Following the arbitrator's announcement that "I have taken that judicial notice of the vexatious delay on behalf of both you and your client," the following occurred:
"MR. VELDE [respondents' counsel]: Well, I think that we have a right to know what the vexatious delay is that you are taking judicial notice of.
THE ARBITRATOR: Counsel, if you are not aware by now of the abuse and vexatious delay that has been inflicted on this nice lady, then you have had ear plugs in your ears for the past year, and certainly have heard nothing that has been said to you in the past two days.
MR. VELDE: Your Honor, I think that the vexatious delay will have to come if this case is a compensable case, which we are putting on evidence now to determine. The hearing today is to determine that, and this is the first time that evidence has been presented.
THE ARBITRATOR: You have not one scintilla of proof as a reasonable basis for failing to pay compensation as due.
All of your defense has been paper-thin, intended to build up fees, intended to avoid your obligation under the Illinois Workmen's Compensation Act. And as already indicated to you, I am making charges both with the insurance department and with the Illinois Industrial Commission on the question of whether or not a company that refuses voluntary compliance on cases of this type should be licensed to insure liability of people in organizations and corporations in this state.
This is a highly lucrative area of insurance business that you are privileged to handle, that you make a great profit on. You have been paid money by this county. You owe an obligation under this social legislation to make these payments, and I really had to chase you today to get you in here to trial, so now proceed on. Let's get on with it.
MR. VELDE: I think that when you say that the defenses are paper-thin, we haven't even presented our side of the case.
As to building up fees, I think you are taking that out on me personally to put that in the record. There is no basis for that."
While the record contains other statements of a similar nature by the arbitrator during the balance of the hearing, their inclusion would serve no useful purpose. It is apparent from the material already quoted that he commenced the hearing determined to award compensation and impose a penalty, and that the trial court's finding that the arbitrator was "blatantly biased and prejudiced" was warranted. But that does not necessarily mean decedent's death was not the result of a compensable injury. Resolution of that question requires a detailed review of the evidence.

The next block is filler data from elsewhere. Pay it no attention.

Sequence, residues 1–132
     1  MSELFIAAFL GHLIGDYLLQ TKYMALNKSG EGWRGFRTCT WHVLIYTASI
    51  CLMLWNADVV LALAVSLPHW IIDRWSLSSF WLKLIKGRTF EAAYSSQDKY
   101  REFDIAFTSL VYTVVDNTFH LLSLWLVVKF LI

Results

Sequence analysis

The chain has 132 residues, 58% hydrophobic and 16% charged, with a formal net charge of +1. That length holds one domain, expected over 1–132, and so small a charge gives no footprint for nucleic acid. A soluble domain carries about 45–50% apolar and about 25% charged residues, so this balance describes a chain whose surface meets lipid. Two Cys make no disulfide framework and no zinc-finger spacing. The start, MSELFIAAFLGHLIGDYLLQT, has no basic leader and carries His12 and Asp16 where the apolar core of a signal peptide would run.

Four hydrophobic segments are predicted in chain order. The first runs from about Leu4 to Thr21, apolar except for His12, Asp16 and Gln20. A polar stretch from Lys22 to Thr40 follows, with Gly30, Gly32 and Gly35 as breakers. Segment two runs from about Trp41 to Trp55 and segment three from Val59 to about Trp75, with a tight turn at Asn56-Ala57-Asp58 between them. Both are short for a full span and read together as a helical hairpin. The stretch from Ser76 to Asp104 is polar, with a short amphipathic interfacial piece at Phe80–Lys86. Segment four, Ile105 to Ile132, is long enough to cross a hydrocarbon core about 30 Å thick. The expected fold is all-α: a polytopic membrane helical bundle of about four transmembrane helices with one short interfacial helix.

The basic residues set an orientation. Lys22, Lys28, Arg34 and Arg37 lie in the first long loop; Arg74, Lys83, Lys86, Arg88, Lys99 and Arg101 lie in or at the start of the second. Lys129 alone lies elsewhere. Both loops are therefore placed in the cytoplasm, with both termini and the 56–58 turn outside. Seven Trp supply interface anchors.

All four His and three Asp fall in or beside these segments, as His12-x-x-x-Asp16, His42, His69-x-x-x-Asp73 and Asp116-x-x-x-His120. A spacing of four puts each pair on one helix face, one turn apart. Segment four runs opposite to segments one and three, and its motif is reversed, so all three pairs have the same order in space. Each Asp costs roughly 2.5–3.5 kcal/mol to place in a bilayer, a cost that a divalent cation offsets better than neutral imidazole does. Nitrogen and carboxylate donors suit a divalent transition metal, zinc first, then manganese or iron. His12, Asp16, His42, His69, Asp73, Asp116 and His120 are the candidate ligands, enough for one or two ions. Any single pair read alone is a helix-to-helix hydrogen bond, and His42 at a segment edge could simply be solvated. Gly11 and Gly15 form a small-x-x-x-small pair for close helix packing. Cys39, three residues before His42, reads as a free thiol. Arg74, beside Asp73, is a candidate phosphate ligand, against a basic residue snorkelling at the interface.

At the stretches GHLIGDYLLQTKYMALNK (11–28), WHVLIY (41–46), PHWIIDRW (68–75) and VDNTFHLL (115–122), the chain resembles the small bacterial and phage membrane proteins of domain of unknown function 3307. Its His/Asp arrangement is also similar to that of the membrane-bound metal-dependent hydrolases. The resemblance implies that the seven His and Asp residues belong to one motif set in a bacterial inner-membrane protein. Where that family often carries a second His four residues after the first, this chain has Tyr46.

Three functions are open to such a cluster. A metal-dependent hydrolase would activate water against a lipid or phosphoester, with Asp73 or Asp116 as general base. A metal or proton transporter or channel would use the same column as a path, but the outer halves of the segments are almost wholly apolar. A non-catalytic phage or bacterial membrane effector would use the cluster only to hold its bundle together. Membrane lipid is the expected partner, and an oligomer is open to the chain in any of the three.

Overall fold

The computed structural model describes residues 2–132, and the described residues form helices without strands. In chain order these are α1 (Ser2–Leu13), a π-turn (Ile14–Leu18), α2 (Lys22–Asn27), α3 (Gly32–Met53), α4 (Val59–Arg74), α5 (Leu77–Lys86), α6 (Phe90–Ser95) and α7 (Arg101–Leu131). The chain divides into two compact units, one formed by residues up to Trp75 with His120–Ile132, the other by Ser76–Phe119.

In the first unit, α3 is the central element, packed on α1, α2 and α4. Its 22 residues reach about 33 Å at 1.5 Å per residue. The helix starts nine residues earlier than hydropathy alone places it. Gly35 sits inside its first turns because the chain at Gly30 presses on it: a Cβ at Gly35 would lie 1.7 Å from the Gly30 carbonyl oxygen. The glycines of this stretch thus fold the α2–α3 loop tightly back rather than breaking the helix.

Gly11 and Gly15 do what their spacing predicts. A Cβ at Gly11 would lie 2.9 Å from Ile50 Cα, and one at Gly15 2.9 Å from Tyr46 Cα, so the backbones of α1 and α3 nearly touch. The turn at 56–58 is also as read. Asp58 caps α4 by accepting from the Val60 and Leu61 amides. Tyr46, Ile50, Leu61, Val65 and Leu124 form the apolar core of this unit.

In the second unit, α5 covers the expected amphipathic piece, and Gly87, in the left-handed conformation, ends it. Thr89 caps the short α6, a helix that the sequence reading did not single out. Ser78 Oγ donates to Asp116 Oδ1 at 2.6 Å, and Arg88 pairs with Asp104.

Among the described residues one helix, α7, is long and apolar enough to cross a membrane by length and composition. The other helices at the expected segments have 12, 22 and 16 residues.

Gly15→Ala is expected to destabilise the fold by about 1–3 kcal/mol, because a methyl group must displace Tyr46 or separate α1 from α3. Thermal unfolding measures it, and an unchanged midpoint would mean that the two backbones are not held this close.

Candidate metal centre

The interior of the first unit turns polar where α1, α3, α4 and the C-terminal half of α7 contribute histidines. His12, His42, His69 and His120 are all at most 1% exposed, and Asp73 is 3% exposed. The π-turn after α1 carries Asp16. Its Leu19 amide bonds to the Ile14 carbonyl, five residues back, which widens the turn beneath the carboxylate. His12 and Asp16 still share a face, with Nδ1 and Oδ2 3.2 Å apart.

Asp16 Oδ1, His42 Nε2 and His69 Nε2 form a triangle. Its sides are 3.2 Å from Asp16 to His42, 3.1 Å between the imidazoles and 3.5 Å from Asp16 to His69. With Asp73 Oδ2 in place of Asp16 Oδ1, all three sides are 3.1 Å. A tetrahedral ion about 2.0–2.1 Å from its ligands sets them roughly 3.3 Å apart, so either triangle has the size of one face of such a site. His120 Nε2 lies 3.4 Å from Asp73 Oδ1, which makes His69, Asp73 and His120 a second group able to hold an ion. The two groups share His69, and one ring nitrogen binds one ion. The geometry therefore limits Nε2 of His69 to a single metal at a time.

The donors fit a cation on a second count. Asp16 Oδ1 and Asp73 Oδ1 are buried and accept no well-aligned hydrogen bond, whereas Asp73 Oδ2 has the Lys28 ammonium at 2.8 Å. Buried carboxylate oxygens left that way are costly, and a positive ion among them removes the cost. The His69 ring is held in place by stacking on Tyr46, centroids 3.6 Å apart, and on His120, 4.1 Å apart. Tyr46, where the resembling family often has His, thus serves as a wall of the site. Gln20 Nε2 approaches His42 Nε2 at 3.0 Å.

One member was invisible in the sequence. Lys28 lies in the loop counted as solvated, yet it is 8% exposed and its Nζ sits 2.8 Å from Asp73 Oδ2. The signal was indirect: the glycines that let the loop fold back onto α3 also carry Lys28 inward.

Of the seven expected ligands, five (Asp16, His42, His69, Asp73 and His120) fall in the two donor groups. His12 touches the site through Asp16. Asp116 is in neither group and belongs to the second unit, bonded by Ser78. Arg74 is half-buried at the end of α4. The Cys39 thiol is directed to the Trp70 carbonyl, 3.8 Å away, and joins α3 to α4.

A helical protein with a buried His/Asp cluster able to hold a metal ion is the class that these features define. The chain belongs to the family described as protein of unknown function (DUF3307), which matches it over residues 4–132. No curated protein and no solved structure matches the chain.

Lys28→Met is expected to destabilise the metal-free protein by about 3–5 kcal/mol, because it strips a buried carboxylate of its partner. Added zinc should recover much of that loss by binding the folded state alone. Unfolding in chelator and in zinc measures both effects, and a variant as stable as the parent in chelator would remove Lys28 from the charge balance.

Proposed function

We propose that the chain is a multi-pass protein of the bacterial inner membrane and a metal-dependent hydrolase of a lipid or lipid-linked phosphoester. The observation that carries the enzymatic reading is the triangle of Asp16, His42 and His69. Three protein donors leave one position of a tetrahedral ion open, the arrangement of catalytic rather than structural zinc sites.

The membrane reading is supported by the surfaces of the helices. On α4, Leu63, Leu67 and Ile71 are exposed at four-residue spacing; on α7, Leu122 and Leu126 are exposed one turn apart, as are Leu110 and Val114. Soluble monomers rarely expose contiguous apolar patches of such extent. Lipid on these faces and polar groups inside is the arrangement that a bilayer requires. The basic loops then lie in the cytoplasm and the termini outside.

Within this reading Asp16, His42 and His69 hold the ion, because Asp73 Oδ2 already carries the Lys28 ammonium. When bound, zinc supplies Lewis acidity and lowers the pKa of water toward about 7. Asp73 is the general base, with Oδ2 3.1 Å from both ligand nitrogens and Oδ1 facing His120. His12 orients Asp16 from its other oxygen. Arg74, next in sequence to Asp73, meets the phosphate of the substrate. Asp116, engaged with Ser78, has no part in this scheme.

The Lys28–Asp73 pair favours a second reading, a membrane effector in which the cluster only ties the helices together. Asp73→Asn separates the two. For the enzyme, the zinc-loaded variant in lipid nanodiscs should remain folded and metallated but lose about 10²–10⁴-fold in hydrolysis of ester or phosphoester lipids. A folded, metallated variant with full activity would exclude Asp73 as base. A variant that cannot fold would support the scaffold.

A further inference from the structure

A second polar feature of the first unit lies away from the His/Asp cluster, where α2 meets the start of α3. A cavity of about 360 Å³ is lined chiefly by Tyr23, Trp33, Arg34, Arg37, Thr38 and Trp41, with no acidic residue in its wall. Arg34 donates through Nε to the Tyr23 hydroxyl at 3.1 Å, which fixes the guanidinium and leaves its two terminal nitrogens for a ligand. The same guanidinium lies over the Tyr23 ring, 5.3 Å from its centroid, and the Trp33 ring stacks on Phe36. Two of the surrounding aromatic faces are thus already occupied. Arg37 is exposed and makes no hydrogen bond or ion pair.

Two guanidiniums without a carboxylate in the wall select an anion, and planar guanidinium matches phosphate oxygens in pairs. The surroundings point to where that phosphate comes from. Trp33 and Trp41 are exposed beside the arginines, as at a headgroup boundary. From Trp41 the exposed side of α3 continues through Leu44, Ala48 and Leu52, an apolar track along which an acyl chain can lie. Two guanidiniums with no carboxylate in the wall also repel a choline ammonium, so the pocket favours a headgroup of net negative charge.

Prior to his employment by the fair association decedent and claimant had lived in a "big house" located some distance from the fairgrounds. They decided in 1966 to buy a trailer and move it onto their property where they could live in it and rent the house. Decedent's predecessor as caretaker at the fairgrounds owned and lived in a trailer at the fairgrounds, and advertised it for sale. Claimant and her husband discussed the purchase of this trailer with the owner, who suggested they buy the trailer and take over his work. They did so after talking to association officials, moving into the trailer in the same location it had previously occupied directly back of the grandstand near the center of the 48-acre fairground complex. Decedent received as compensation from the association $20 per month and free ground rent, water, and electricity, and the garbage was picked up whenever the fairground was serviced. It was required by the association that decedent live on the fairgrounds, and his duties involved the prevention of vandalism, the collection of rent on horse stalls and for winter storage of boats in the buildings on the grounds, providing information regarding weekend events held on the premises and conferring with the executive secretary of the association regarding these or related matters. Some of the association records were kept by decedent in the trailer, and claimant assisted in keeping those records. There were no other living facilities on the grounds, and the trailer served both as an "office" and home for the Morrises. The executive secretary of the association testified decedent was expected to be on the grounds 24 hours a day.